Free speech at the forefront: Andy Spinks, 2022 School Librarian of the Year finalist


The media specialist at Campbell High School in Smyrna, Georgia, champions student voice in the recording studio and equity across the school.

Andy Spinks, School Library Media Specialist, Campbell High School, Smyrna, GA
Photo by Dani Weiss. (Photo below courtesy of Andy Spinks)

One of the most popular places in the library at Campbell High School in Smyrna, Georgia has nothing to do with books. It’s not even the biggest or fanciest space in the school’s brand new 12,000 square foot learning center.

But the library’s recording studio is where you’ll find most students when they have a free moment, waiting their turn to get in front of the microphone, lay down a track, and freestyle new verses.

The studio exists thanks to the work of Campbell Library media specialist Andy Spinks, who had long dreamed of offering such a resource to his students.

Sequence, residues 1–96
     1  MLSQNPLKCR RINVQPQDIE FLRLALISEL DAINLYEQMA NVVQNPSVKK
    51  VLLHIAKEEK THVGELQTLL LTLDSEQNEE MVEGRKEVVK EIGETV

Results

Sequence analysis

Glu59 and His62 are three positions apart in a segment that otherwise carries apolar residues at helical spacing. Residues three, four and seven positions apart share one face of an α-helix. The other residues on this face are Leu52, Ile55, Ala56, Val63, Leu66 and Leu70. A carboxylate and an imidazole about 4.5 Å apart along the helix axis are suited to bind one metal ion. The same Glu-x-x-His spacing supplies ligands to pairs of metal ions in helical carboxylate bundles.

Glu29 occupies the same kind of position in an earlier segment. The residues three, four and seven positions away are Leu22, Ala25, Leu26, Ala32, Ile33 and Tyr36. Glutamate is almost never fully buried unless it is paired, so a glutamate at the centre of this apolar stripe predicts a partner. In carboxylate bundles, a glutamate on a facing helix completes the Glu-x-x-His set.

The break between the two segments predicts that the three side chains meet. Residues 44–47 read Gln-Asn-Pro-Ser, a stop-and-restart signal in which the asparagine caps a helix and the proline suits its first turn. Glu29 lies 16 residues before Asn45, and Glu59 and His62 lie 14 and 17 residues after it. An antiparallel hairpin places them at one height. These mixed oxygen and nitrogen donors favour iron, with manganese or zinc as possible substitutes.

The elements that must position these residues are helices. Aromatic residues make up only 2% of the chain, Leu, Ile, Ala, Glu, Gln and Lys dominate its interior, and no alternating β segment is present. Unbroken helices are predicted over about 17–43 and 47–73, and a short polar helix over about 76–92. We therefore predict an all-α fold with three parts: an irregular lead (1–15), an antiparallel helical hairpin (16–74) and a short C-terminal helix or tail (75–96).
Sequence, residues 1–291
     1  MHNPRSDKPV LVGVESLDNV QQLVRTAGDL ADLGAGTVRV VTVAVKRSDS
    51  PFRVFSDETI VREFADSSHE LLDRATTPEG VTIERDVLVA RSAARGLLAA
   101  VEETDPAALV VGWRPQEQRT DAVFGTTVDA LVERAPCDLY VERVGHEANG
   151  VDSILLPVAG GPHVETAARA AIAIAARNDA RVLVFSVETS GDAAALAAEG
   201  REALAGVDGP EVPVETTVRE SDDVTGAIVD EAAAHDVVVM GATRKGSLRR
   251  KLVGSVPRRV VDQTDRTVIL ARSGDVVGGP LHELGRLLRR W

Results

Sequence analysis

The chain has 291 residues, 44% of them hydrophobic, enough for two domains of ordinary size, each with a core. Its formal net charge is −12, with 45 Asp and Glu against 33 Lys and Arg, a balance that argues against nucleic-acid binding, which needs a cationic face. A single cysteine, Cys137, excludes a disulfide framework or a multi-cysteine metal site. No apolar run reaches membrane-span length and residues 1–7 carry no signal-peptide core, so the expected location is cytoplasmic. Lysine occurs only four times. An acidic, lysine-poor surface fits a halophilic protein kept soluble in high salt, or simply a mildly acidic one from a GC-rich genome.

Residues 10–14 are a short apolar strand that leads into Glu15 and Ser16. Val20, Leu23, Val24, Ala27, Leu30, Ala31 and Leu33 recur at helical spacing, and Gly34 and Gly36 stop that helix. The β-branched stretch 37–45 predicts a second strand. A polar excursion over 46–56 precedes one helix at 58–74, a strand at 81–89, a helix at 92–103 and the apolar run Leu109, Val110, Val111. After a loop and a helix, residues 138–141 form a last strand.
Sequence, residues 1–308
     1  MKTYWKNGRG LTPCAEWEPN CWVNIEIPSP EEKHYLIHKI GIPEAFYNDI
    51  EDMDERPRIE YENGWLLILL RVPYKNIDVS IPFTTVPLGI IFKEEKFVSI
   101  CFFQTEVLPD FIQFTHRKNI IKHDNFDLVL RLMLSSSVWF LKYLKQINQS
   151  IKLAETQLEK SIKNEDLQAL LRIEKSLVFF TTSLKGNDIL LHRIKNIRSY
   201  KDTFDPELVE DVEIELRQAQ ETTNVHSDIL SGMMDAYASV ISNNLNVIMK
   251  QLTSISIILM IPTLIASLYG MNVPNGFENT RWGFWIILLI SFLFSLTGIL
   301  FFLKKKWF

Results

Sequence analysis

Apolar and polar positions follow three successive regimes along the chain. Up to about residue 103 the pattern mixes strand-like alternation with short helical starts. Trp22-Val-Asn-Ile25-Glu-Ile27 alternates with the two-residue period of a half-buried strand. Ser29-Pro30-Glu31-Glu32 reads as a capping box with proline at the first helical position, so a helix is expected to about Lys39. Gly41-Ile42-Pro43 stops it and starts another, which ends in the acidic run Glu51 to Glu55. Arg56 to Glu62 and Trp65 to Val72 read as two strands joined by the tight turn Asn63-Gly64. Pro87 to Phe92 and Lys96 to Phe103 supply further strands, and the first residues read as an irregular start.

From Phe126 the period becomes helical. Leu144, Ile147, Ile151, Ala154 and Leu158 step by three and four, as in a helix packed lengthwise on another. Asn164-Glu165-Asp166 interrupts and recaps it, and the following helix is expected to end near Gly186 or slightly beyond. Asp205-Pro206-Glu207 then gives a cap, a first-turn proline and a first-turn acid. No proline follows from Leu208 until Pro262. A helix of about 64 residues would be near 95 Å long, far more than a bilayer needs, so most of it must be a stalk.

“His vision for a dynamic, student-centered learning space has resulted in the most successful media center in Cobb County Schools,” Campbell Principal Jeanne Walker wrote in her nomination letter for Spinks. .

Spinks is one of two full-time media specialists at the library at Campbell, a large suburban school north of Atlanta. It serves over 3,000 students, of which 40% are black and 33% are Latinx. More than half of the students come from economically disadvantaged homes. Campbell is also home to an International Baccalaureate magnet program with another 300 students mostly from outside the district.